Connecting with people where people are visited, checked on and provided with various portals (drop-in centres, contact lists for calls) for connecting them with organisations or assistance. Over time, mental health issues emerged as people faced loss, trauma, and financial stress.

Communication in 2011 was mostly through local Councillor Helen Abrahams who was on the ground taking stock and following up with the ADF, Council and the State Government for practical assistance.

Community infrastructure takes generations to build. The Croquet Club in Musgrave Park is there because of the work of Josephine Papi. Josephine devoted her days in the late 1800s and early 1900s to several issues – the welfare of returned soldiers from the Boer War, building Brisbane’s first children’s hospital. and the establishment of a Croquet Club for the croquet-playing citizens of South Brisbane.

Our pollies step up

In 2022, the cooperation across all three levels of government by our representatives has been noteworthy. The combined efforts of Councillor for The Gabba, Jonathan Sri, Amy McMahon MP for South Brisbane, and Terri Butler MP, Federal member for Griffith has ensured information is being pooled and coordination challenges sorted.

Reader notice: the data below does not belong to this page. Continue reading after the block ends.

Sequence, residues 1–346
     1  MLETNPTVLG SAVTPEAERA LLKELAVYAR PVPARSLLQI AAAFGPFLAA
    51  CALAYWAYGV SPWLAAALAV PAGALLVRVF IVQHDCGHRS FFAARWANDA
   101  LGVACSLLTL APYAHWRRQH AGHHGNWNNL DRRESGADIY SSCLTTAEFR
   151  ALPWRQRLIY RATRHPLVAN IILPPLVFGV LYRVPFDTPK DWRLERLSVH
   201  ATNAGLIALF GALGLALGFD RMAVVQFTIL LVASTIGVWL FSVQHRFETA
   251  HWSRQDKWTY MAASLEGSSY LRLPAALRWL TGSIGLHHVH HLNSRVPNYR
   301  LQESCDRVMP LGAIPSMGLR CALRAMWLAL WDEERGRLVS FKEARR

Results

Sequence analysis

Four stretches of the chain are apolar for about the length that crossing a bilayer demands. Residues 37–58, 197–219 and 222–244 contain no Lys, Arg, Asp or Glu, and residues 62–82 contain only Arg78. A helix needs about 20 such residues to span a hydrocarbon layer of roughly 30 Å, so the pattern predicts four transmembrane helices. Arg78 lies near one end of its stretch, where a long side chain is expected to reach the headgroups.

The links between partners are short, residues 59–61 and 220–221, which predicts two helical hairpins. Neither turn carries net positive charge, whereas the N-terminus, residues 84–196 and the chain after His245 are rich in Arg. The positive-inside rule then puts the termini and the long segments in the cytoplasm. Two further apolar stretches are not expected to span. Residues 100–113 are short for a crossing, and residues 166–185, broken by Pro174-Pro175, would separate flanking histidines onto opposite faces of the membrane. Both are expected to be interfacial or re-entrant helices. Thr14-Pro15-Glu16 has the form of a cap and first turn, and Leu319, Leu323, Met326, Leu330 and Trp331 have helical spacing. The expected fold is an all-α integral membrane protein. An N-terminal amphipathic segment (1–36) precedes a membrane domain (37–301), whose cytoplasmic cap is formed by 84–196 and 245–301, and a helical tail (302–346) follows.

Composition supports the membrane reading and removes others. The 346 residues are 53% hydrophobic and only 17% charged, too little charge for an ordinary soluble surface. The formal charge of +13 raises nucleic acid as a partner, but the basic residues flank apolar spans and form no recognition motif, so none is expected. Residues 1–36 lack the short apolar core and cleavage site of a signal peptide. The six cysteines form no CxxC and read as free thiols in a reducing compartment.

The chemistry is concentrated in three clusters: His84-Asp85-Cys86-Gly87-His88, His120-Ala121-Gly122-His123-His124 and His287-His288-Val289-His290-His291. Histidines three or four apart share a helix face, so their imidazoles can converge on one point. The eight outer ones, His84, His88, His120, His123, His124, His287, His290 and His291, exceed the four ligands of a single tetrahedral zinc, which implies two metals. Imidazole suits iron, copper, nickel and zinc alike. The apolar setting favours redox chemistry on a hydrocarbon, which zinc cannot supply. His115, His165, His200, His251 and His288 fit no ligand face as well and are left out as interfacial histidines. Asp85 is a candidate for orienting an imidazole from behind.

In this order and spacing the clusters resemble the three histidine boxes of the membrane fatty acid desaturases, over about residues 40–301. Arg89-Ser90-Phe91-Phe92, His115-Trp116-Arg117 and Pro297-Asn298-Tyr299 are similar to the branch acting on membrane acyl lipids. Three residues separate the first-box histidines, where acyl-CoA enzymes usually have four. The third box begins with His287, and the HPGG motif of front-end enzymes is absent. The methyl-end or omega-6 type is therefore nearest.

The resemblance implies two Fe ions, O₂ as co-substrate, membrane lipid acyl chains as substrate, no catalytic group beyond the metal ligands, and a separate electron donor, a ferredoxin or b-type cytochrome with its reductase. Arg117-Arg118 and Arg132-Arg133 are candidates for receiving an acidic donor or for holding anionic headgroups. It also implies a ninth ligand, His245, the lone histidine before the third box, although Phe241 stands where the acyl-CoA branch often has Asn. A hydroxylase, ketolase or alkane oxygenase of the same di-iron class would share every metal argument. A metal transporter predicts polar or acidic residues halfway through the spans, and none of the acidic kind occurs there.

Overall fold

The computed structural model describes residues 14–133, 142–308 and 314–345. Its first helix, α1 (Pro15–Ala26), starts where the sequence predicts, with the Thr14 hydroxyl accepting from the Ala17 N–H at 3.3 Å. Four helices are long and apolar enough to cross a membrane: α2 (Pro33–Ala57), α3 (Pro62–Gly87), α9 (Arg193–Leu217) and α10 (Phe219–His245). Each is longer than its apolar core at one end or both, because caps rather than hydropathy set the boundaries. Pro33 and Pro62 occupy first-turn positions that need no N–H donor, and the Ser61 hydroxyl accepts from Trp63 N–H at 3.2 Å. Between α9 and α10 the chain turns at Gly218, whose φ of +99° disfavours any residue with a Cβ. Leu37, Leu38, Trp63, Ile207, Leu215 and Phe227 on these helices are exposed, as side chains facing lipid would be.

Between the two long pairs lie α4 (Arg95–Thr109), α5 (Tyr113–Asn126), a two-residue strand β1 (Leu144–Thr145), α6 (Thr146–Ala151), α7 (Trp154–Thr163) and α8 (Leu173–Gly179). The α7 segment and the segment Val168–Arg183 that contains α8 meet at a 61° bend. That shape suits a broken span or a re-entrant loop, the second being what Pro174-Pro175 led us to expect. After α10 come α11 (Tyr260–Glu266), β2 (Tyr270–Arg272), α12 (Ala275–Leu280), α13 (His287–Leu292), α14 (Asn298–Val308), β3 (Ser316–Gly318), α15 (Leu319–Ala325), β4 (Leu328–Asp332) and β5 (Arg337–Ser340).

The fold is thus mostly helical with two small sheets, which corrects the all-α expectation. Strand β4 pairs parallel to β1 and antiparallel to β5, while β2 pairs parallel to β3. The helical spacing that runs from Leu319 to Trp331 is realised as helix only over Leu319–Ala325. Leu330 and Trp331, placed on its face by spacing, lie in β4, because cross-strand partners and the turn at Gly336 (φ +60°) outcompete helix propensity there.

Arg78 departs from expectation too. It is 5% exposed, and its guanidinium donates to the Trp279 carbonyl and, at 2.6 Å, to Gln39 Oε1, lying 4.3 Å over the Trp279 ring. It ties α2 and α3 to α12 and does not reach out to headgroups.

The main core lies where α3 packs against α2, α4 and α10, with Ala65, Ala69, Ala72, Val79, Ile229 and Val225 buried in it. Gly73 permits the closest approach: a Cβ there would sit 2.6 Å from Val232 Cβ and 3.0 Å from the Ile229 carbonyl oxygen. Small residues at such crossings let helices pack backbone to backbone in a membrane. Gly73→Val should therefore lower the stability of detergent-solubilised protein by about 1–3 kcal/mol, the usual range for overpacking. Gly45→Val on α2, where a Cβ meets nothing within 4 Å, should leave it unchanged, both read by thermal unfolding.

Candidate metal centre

People have been accessing on the ground assistance through information hubs with the paperwork involved in applying to government and insurance companies.

Micah Projects has coordinated accommodation and other supports for those affected by the flood, and West End Community House is hosting a Community Recovery Hub over the coming weeks. In addition, Community Friends, local businesses and other groups have provided food services. Kurilpa Futures set up a stall at Montague Markets to assist with coordination efforts. West End Community Association has provided a conduit to the offices of our elected representatives and a range of community organisations.

More information is available this time, but we are aware that it is still not enough. The flood warning system has been found wanting. Local flood models and elevations for ready access in the flood preparation stage were not accessible. We will know more about the flood build-up stage and the adequacy or not of the information provided as the weeks progress.